Intel accused of age discrimination after layoffs

At Intel, your age may be the reason why you got the pink slip. According to a Wall Street Journal report citing documents it obtained from the U.S. Equal Employment Opportunity Commission, the chip maker is being investigated for age discrimination claims by its former employees.

Report: average age of Intel employees in one layoff spree was 49

The Journal said “dozens of former employees sought legal advice on whether they could sue” after a round of layoffs in 2016, and some of those disgruntled employees filed complaints with the federal watchdog. At Intel, the average layoff age skewed older. According to an internal document the Journal saw, the average age of employees being laid off in one set of 2,300 layoffs in 2016 was 49 years old, an age that was seven years older than the average age of the remaining employees.

The EEOC would not confirm or deny whether it is investigating the chip maker.

Intel said the layoffs were intended to “fuel Intel’s evolution” and refutes age discrimination claims. “Factors such as age, race, national origin, gender, immigration status, or other personal demographics were not part of the process when we made those decisions,” one of its spokespersons said in a statement.

If EEOC finds sufficient evidence for it to pursue the matter further, it can start a class-action lawsuit against Intel. This is not the first time in recent months that a technology company has been called out for age bias. The EEOC is reportedly also investigating IBM after a ProPublica investigation into its employment practices. In the report, IBM was accused of getting rid of employees over 40 from their jobs by sidelining them, firing them, laying them off or forcing their rushed retirement. This past September, Facebook was accused of not making inclusive space for older workers in two lawsuits.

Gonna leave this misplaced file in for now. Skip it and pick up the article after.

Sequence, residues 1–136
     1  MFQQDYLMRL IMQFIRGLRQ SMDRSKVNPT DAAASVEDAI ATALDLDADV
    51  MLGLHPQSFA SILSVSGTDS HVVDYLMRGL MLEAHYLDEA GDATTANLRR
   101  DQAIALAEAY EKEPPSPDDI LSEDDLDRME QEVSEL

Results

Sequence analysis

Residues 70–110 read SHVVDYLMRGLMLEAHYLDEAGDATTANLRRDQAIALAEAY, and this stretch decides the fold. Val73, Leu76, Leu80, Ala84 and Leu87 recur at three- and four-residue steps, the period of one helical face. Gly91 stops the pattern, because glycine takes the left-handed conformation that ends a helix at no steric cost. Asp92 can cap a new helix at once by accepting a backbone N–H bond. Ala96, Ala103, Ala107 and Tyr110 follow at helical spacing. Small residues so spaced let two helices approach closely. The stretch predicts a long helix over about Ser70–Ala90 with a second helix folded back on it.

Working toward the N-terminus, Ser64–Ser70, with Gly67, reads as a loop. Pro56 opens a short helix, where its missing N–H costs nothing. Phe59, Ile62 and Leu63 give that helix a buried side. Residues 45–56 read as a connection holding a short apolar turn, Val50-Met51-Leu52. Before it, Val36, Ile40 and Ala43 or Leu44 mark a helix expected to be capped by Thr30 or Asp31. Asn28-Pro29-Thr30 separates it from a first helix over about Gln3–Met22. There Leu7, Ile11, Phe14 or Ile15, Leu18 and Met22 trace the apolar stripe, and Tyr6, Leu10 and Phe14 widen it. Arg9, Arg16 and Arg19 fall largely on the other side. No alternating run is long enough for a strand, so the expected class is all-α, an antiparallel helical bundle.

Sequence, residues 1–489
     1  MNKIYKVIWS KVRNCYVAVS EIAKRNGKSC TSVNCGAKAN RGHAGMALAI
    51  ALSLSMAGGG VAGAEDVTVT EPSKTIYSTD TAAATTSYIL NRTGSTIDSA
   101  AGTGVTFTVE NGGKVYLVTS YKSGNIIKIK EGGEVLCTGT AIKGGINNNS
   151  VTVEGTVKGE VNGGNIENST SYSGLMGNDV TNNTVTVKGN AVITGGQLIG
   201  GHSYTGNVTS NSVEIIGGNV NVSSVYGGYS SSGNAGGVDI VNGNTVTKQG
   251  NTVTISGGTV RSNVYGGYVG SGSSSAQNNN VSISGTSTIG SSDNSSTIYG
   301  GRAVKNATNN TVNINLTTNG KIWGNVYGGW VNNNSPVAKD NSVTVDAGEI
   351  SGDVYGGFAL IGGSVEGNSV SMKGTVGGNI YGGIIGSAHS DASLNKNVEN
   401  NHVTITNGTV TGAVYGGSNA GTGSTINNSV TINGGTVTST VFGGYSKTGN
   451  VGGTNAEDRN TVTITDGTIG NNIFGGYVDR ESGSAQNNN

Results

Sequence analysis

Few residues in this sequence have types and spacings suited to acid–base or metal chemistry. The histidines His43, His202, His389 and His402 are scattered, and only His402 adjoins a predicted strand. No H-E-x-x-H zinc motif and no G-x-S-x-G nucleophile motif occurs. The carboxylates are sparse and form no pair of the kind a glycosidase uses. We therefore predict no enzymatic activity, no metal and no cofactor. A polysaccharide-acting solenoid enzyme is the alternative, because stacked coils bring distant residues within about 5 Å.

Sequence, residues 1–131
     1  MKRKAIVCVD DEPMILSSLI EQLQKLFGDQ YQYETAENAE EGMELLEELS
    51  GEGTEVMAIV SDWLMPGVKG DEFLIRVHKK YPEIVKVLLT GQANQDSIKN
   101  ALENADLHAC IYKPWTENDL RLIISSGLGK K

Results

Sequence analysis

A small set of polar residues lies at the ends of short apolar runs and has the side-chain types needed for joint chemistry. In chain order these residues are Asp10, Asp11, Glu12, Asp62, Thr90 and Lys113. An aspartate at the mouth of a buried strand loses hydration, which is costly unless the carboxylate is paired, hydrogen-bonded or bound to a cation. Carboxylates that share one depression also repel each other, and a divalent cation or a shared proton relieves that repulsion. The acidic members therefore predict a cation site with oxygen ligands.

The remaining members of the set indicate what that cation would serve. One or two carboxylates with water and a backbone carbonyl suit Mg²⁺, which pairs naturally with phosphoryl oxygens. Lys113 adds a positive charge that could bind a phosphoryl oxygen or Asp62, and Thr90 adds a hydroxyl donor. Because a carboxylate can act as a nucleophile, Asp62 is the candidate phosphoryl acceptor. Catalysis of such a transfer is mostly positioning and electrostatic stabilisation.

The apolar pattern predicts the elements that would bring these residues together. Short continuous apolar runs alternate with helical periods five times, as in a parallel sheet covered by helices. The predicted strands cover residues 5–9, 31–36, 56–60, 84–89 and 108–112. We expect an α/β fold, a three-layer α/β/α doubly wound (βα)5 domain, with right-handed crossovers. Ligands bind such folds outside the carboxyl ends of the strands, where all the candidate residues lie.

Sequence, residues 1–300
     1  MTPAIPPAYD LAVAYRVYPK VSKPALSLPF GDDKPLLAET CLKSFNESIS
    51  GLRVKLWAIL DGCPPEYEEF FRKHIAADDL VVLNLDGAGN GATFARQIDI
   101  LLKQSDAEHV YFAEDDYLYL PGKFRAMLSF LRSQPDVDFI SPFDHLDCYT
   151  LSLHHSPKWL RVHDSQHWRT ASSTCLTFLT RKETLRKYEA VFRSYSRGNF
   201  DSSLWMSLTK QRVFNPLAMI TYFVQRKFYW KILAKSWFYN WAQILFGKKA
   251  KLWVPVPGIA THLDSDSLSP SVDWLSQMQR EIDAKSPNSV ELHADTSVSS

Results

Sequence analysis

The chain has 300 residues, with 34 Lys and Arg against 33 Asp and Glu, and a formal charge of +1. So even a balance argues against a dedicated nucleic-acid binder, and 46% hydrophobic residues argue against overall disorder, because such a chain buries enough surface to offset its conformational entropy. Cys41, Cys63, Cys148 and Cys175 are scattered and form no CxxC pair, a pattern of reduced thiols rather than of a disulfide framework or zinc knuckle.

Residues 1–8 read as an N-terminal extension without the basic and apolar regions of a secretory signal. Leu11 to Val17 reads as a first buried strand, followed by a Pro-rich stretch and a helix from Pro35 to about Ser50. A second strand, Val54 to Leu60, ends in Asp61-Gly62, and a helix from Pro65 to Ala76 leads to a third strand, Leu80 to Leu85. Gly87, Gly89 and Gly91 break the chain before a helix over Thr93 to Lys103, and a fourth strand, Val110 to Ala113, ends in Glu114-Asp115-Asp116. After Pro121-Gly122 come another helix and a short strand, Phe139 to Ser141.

Age discrimination is happening more and more

Why do so many tech companies get tempted to flout age discrimination laws? Older workers can be expensive. Older employees tend to be more experienced and better paid than younger hires.

One report found that Silicon Valley favors younger hires in general. “The tech industry is hiring a disproportionately higher ratio of workers than non-tech up until the age of 48—indicating bias does exist that favors younger candidates,” the report found. Younger hires may cut costs, but ageist hiring practices are illegal. The Age Discrimination in Employment Act makes it illegal to discriminate against employees and job seekers over age 40.